Obedience—a Source of Rich Blessings
As told by Heinrich Dwenger
I WAS just a seventeen-year-old lad living in Hamburg, Germany, when I became interested in the Bible and began to read it regularly. That was sixty years ago. How happy I am now that at that early age I appreciated the Word of God enough to seek help to understand it! By obediently following its direction I have enjoyed rich blessings, receiving divine guidance through the most troublous times in human history.
To begin with, however, my search for Bible understanding was very unrewarding. An investigation of the orthodox churches revealed that religious traditions, rather than God’s Word, were featured, and that parishioners, for the most part, were indifferent to the teachings of the Bible. Where could I find help to understand God’s Word? I was looking for guidance.
Then one day in 1907 when I opened the Hamburg newspaper General Anzeiger, a tract entitled “The Right of the First Born Sold” slipped out. The Watch Tower Society at Barmen, Germany (since 1929 part of Wuppertal, Germany), had distributed a large quantity of such Bible tracts through this paper. I read this one with keen interest, and gladly accepted the invitation to write for the advertised Studies in the Scriptures. What joy I received by reading these volumes! At last I had found the assistance to understanding the Bible I had been looking for.
Immediately I became a subscriber for the Watchtower magazine, and responded to the invitation to distribute tracts from house to house. I did so in the hope that many other people would come to an understanding of the Bible and be as happy as I was. But I soon found that not many people were seeking for a clear knowledge of the Bible. When I gave the Studies in the Scriptures and Bible tracts to my parents and other relatives, instead of gladly accepting them, they exhibited opposition. However, this did not discourage me, for I was convinced this was the truth, and that others also would be made happy by it.
So I wrote to the Watch Tower Society and they put me in touch with three or four other interested persons in Hamburg. After a short time we met together to study the volumes of Studies in the Scriptures. About this time the branch supervisor for the preaching work in Germany suggested that we arrange public Bible meetings in Hamburg. This we gladly did with the help of qualified brothers from the headquarters in Barmen.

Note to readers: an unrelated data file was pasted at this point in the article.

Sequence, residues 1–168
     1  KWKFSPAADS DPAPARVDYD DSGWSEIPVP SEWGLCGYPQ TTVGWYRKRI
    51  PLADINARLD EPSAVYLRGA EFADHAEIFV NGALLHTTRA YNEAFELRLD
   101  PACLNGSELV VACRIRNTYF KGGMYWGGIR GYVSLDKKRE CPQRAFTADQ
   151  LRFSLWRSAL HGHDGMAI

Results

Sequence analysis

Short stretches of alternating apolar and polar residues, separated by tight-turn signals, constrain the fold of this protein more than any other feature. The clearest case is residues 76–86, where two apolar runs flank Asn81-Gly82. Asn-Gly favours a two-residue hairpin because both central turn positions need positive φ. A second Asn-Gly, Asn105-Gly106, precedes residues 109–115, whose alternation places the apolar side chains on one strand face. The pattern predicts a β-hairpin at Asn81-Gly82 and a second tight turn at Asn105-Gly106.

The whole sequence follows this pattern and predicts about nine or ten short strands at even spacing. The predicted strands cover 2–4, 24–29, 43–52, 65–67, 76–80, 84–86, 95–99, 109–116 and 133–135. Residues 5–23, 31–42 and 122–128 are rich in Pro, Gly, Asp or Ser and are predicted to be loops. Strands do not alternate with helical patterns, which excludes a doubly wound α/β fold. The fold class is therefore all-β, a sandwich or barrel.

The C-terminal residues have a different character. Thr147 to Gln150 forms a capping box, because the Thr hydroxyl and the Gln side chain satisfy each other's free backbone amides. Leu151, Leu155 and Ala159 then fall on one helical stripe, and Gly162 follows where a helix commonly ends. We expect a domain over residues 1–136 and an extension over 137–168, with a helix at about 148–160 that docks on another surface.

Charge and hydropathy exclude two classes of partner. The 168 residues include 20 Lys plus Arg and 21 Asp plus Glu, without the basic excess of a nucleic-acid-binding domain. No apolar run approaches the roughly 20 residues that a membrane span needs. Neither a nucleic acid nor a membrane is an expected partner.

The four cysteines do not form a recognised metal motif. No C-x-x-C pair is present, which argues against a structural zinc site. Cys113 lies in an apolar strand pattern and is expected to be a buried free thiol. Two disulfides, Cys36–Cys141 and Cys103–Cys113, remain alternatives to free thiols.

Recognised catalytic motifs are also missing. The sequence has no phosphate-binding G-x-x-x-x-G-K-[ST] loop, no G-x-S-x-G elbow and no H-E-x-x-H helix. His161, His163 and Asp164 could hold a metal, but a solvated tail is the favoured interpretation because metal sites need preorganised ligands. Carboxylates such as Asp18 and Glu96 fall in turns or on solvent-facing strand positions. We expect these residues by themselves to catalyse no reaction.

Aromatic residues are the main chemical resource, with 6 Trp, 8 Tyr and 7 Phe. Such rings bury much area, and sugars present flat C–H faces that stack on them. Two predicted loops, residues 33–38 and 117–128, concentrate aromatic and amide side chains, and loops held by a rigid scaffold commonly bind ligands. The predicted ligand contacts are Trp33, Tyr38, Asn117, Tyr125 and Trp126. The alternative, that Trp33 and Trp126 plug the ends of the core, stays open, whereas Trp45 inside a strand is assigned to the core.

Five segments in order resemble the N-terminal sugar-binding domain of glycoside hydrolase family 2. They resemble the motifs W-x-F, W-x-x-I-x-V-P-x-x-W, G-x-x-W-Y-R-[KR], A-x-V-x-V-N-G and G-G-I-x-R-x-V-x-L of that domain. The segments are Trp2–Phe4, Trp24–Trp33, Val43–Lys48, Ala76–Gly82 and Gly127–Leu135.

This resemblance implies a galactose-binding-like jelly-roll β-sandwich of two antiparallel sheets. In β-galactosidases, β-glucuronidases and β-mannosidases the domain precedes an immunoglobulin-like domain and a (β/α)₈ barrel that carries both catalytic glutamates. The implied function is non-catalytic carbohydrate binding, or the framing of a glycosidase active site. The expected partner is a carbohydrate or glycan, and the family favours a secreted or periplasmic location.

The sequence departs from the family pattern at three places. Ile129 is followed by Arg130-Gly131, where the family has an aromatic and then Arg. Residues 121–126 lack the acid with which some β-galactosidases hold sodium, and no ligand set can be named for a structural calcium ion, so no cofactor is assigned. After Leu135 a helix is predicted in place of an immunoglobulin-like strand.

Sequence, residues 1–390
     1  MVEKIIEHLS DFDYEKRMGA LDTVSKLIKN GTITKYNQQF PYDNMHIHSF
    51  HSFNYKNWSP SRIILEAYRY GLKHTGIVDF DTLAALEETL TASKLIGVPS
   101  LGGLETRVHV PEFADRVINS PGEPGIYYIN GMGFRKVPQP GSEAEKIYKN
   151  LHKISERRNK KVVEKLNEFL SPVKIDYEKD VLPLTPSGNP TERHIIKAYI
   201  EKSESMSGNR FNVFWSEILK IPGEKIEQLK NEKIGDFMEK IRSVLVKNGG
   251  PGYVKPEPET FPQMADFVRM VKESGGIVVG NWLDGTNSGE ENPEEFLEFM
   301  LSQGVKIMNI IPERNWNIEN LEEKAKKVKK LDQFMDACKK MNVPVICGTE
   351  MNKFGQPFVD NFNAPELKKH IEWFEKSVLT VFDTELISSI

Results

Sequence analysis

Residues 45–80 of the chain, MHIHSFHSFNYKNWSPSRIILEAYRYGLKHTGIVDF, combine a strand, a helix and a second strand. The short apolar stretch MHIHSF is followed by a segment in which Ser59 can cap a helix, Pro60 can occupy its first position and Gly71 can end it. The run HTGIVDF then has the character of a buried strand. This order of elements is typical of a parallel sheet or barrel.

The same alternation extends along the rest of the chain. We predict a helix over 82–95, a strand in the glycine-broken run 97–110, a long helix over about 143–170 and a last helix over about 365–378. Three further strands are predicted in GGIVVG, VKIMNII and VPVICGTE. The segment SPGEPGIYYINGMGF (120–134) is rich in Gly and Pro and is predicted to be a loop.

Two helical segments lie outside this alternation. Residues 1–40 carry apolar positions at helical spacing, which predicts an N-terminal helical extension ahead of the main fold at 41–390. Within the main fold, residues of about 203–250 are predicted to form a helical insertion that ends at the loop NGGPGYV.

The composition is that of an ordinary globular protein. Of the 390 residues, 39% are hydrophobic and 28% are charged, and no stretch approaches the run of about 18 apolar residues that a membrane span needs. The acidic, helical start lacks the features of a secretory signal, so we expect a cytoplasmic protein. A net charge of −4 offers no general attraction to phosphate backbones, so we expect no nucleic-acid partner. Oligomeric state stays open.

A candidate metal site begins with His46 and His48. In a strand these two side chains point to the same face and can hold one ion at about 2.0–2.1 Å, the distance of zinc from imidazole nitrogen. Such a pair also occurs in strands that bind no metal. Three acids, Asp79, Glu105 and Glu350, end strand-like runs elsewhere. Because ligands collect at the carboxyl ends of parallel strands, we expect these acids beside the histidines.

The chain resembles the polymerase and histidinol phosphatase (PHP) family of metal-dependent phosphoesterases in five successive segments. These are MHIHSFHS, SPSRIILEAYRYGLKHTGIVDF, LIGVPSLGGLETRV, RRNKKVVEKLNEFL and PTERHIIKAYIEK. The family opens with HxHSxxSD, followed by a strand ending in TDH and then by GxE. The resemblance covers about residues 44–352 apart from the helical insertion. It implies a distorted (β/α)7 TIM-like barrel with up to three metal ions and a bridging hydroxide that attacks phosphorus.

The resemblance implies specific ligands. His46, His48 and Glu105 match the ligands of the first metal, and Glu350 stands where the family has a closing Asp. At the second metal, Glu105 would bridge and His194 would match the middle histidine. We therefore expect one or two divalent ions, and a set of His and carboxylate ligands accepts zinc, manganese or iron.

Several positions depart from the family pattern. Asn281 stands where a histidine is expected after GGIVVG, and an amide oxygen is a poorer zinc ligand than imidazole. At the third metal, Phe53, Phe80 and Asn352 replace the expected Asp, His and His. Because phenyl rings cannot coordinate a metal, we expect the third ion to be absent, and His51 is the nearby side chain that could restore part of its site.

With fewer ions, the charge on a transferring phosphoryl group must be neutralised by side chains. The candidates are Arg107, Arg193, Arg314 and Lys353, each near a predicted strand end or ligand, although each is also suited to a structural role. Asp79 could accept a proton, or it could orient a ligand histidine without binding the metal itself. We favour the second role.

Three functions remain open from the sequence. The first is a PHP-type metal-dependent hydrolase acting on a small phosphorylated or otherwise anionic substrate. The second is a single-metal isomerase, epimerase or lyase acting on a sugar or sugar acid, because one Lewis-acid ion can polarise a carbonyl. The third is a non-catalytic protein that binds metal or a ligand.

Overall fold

The following year, in 1909, I visited the Watch Tower Society’s Bethel Home in Barmen and had the opportunity of symbolizing my dedication to Jehovah by water baptism. That was a happy day! But then I was faced with a decision. The branch servant suggested I enter the full-time preaching activity. I knew that my parents would be greatly disappointed if I gave up my secular employment. However, after careful and prayerful consideration of the matter I was convinced that it was the Lord’s will for me to enter the pioneer service. So I left my secular work on September 30, 1910, and on the following day began the full-time preaching work in Hamburg.
The Lord’s blessing was upon our efforts, and others began to associate with our small study group. I also worked in other towns in the province of Schleswig-Holstein. But then in the summer of 1911 the Society invited me to become a member of the Bethel family in Barmen, which invitation I gladly accepted.
WORLD WAR I
The years immediately prior to World War I were happy ones for me. I enjoyed working with the brothers at Bethel, and sharing in the field ministry on Sundays distributing tracts from door to door. We warned the people that a time of great trouble would break out in 1914, as “the appointed times of the nations” were due to reach their end in that year. (Luke 21:24) In 1910 the branch servant had given a public discourse in a large hall in Barmen on this subject and had aroused much attention. This led our opponents to mock that they would have to put up with us until 1914. But then World War I broke out suddenly, and their mocking ceased.